River study proposes links between midstate attractions

If a place is in Middle Georgia, there’s a good chance a river runs through it.

A new study suggests some of the river assets -- from canoe landings to trails -- could be linked fairly easily to create an entire recreational system.

Bob Rychel, manager of planning programs for the Middle Georgia Regional Commission, said boat ramps and multi-use paths along the rivers are relatively inexpensive but benefit communities, recreation and quality of life.

“We think that it’s worth investing in, and I think a lot of communities do as well,” said Rychel, who led the two-year study. “They think, ‘Hey, we can do a lot on the river for a relatively low cost.’ ”

The first part of the two-phase, $70,000 study identified assets and opportunities. The new part of the Multi-Region River Corridor Feasibility Study suggests ways to tie the elements together.

Rychel said one thing that’s missing is a regional champion that could coordinate efforts among communities. That could be as simple as having local-level groups meet once or twice a year to share ideas, an idea Rychel is pitching to the Georgia Department of Transportation.

“In a lot of ways, implementation is taking place,” Rychel said, citing things like the Ocmulgee Heritage Trail in Macon and the Oconee River Greenway that started in Milledgeville. “There are pockets of implementation occurring around the region, but we’d like to see everybody be aware of what’s going on.”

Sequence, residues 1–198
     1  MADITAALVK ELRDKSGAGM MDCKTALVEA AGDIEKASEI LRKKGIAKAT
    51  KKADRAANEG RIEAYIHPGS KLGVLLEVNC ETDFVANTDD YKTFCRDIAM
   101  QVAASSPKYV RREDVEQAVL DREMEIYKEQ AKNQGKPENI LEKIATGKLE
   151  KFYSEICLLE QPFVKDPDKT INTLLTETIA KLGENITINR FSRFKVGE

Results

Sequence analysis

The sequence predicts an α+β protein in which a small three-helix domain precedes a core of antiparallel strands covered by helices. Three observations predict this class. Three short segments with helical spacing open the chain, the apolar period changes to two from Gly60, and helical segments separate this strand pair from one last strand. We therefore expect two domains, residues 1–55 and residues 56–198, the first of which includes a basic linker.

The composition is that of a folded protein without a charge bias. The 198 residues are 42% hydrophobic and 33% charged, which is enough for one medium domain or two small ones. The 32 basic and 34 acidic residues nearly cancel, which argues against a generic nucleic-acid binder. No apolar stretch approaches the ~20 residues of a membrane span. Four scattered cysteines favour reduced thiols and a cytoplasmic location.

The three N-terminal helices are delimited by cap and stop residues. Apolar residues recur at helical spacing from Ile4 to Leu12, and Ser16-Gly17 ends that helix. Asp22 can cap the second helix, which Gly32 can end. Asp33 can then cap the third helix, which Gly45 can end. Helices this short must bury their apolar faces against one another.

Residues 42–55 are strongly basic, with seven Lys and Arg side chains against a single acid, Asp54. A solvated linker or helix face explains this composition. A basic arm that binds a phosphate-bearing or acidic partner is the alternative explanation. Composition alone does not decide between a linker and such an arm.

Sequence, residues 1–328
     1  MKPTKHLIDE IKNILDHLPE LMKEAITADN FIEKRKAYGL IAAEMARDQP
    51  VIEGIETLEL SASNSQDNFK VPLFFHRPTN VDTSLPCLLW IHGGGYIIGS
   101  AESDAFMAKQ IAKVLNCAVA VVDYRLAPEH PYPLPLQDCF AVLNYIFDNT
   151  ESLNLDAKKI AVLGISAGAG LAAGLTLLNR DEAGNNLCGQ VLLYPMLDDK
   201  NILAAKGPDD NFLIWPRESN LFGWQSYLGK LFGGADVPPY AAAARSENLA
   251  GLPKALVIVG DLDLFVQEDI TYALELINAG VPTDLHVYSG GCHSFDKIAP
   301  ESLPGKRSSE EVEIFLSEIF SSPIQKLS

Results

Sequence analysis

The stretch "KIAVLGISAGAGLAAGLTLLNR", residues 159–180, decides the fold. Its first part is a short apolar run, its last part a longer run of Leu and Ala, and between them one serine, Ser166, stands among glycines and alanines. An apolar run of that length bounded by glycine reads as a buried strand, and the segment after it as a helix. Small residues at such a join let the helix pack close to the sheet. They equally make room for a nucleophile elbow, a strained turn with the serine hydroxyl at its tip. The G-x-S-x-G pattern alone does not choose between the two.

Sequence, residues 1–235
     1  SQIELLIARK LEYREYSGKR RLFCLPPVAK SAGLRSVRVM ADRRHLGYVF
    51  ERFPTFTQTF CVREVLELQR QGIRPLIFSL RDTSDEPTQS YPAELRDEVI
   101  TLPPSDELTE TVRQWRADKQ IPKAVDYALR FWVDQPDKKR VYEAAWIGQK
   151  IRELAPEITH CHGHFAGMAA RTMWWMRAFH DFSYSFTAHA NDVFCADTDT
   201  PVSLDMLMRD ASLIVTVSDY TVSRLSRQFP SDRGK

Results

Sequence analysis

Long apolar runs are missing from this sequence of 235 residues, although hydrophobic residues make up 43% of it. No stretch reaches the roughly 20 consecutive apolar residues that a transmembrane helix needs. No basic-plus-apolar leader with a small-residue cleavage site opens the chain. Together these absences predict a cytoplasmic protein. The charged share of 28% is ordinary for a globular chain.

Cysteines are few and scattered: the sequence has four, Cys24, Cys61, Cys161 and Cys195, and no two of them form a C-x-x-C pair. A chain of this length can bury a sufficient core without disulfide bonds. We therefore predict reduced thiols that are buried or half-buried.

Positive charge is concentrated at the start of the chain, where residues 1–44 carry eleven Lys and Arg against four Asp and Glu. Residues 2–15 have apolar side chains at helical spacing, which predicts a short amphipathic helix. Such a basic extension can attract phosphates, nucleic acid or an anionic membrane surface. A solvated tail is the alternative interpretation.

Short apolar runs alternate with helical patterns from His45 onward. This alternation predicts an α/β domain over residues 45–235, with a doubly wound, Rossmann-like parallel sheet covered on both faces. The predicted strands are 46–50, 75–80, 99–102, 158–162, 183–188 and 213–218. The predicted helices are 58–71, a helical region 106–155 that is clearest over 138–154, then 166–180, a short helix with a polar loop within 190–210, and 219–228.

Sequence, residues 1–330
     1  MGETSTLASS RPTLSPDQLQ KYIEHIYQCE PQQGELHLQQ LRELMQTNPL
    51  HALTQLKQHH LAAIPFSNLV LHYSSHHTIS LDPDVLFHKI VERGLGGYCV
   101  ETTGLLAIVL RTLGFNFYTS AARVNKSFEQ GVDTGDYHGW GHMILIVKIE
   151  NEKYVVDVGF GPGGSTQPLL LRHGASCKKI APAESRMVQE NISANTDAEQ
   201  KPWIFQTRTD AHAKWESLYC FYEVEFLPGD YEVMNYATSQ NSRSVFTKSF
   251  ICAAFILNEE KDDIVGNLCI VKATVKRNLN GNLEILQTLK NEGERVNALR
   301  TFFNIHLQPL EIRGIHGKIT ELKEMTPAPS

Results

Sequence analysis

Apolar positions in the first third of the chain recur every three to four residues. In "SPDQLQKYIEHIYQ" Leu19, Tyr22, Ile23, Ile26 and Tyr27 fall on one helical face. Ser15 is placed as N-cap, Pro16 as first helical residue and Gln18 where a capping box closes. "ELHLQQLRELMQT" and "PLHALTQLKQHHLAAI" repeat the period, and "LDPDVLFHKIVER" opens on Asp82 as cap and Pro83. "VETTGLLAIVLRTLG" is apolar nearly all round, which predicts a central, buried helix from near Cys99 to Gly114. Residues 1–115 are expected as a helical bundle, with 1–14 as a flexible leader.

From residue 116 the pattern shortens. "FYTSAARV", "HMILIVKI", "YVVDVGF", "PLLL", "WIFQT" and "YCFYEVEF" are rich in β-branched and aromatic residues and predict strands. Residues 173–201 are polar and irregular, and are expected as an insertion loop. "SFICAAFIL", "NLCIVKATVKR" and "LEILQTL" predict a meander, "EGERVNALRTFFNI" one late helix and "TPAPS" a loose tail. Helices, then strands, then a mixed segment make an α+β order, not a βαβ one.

Among the areas identified in the river study are a National Park Service study of whether the Ocmulgee National Monument property should be expanded. That could tie into a proposed National Park and Preserve, which would connect 50 miles of the Ocmulgee River from Macon to Hawkinsville.

Existing public properties include the Ocmulgee National Monument, Bond Swamp National Wildlife Refuge, Robins Air Force Base and the Ocmulgee and Oaky Woods wildlife management areas.

Rychel said some communities already are working together, such as collaboration between Bleckley, Houston, Pulaski and Twiggs counties in the Ocmulgee River Blueway, a 54-mile corridor.

Rychel said he’d like to see such groups working together for even bigger-picture planning.

Mike Ford, CEO of NewTown Macon, said his organization continues efforts to lengthen the Ocmulgee Heritage Trail, a multi-use path that follows the river. Ford said he’s also excited about other efforts to tie together other systems, such as a proposed connecting path from the Oconee River Greenway in Milledgeville along a former railroad line to connect to Macon’s Ocmulgee Heritage Trail.

“That’s a project we’d love to see. That would be phenomenal, to be able to hop on a bike in Milledgeville to the (Indian) mounds, for example,” Ford said.

Ford said multiple ways of getting to the river bring more benefits. Some people will canoe or ride tubes from Popes Ferry in Monroe County to Amerson River Park, renamed in April from Amerson Water Works Park. That’s a long trip for many.

NewTown Macon is planning a relatively inexpensive fix.

It’s getting ready to build a new take-out point on the south side of Amerson River Park that would let people just float around the oxbow the park is on. They’d be able to walk back to their car.

“It gives you the ability to do an hour or two trip, and you don’t have to set aside a whole day or anything,” Ford said.

Both phases of the study are available at online.

To contact writer Mike Stucka, call 744-4251.